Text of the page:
Don’t backtrack on freedom for hair braiders
More than 15 years ago, the Mississippi legislature voted to set hair braiders free of unnecessary and irrelevant cosmetology regulations that had previously kept them from legally practicing their craft. Today, the industry is flourishing, but new legislation may put an end to that growth.
The action of the legislature in 2005 came after a lawsuit was filed by the Institute for Justice on behalf of Melony Armstrong and two others. At the time, Melony had a successful business. Until the state shut her down.
According to the state, Melony would need to spend 300 hours to obtain a wigology license, which is not related to braiding, to legally braid hair in Mississippi. To teach others, as Melony wanted to do, she would need to spend 3,200 hours in cosmetology and cosmetology instructor programs.
Those programs wouldn’t teach braiding either.
But since the legislature acted and the state freed hair braiders, Melony was free to pursue her dream, legally. Many others did too. According to a 2016 report, there are now more than 2,600 hair braiders registered with the state of Mississippi. And there has not been a health or safety complaint filed with the state.
For a comparison, Louisiana, which still requires hair braiders to spend 500 hours to receive an “alternative hair design” permit, only has 19 people who are registered to braid hair. This, despite the fact, that Louisiana has a larger number of African Americans and a larger African immigrant population than Mississippi.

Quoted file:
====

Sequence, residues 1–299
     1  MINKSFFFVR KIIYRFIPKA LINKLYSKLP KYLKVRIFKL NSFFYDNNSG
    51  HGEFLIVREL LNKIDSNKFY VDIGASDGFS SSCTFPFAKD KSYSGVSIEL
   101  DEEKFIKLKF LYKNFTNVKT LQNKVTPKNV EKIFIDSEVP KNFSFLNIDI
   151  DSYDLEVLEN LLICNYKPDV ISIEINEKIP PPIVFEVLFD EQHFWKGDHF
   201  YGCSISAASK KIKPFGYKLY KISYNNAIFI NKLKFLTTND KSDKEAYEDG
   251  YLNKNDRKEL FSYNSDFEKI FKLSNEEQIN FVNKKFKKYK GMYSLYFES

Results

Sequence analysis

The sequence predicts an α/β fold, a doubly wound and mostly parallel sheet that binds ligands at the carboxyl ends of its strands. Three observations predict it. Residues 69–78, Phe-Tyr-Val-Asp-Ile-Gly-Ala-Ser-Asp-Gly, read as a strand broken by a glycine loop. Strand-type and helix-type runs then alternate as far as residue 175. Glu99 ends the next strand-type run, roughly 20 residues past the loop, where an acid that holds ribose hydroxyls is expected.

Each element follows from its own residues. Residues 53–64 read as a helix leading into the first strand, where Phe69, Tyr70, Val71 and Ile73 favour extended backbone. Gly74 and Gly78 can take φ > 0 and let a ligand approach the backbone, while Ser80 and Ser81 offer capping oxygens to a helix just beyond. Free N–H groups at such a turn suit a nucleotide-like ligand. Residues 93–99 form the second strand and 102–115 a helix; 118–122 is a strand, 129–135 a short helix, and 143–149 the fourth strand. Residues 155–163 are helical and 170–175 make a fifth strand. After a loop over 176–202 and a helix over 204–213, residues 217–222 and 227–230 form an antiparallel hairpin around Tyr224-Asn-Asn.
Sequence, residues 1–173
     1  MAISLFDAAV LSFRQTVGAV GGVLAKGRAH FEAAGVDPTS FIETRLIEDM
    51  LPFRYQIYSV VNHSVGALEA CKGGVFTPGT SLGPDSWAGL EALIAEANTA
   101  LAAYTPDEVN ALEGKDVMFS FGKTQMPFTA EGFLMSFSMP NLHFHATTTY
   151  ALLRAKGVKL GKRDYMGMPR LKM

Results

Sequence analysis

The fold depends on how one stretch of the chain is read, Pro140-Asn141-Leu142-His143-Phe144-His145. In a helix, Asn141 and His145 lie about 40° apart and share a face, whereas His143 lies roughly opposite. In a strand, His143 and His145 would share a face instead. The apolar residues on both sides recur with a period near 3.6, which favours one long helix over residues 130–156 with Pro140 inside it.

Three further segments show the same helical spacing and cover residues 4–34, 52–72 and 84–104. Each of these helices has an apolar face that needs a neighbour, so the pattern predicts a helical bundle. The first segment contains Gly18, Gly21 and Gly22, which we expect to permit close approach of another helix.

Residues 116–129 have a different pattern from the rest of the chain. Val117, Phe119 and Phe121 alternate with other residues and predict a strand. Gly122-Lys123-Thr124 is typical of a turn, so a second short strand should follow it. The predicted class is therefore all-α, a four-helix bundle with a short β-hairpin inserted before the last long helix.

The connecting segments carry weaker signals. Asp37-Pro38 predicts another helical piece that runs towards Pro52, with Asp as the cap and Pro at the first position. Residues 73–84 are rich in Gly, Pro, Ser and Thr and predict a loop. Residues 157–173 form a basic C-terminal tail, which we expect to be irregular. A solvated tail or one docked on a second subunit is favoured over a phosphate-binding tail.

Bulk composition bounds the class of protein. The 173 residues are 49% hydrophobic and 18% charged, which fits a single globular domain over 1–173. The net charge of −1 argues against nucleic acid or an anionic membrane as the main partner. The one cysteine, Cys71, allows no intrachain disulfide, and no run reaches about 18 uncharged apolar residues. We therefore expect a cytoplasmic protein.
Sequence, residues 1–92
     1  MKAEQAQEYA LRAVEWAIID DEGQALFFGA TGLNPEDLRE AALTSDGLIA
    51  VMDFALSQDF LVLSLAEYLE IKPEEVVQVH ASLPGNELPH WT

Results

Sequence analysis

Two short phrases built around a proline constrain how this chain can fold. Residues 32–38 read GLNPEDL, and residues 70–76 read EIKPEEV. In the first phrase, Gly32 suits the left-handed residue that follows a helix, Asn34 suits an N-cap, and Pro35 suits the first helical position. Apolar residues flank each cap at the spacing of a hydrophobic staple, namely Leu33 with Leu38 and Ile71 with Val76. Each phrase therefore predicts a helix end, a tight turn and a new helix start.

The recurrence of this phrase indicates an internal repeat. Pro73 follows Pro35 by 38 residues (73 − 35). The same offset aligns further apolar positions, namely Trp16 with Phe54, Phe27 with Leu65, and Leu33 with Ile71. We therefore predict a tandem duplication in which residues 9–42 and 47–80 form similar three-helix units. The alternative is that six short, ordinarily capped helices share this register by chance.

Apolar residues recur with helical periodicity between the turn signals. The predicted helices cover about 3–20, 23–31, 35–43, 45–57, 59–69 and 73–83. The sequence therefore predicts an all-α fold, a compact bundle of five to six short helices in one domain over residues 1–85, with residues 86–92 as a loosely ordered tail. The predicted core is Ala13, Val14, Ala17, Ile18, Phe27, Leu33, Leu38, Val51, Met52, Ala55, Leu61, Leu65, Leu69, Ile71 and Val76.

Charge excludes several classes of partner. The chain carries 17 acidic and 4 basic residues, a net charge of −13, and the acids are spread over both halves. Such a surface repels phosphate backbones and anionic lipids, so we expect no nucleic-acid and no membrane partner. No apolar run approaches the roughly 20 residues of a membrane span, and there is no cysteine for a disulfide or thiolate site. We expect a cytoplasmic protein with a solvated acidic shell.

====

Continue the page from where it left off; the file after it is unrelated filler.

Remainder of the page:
But what we saw in Mississippi was a state that moved out of the way, removed unnecessary barriers, and now the field is thriving. Entrepreneurs are working, hiring more hair braiders, paying taxes, and supporting their local communities. For a state that is losing population and consistently has one of the lowest workforce rates in the country, this is a very bright spot.
But one small piece of legislation to extend the Board of Cosmetology repealer threatens the industry. In an otherwise constructive piece of legislation that will remove additional unnecessary licensing requirements – this time for the safe practices of eyebrow threading, applying makeup, and applying eyelash extensions – hair braiders would now be prohibited from practicing their profession at a licensed salon under the proposal.
Meaning, a hair salon, with licensed cosmetologists, would not also be allowed to employ hair braiders. This is detrimental to the many hair braiders who work in salons and also to the shops that could no longer sell these services to customers.
Rather than moving backward, Mississippi should continue the path in freeing occupations from unnecessary regulations that aren’t related to the actual work performed and for work that is extremely safe to perform.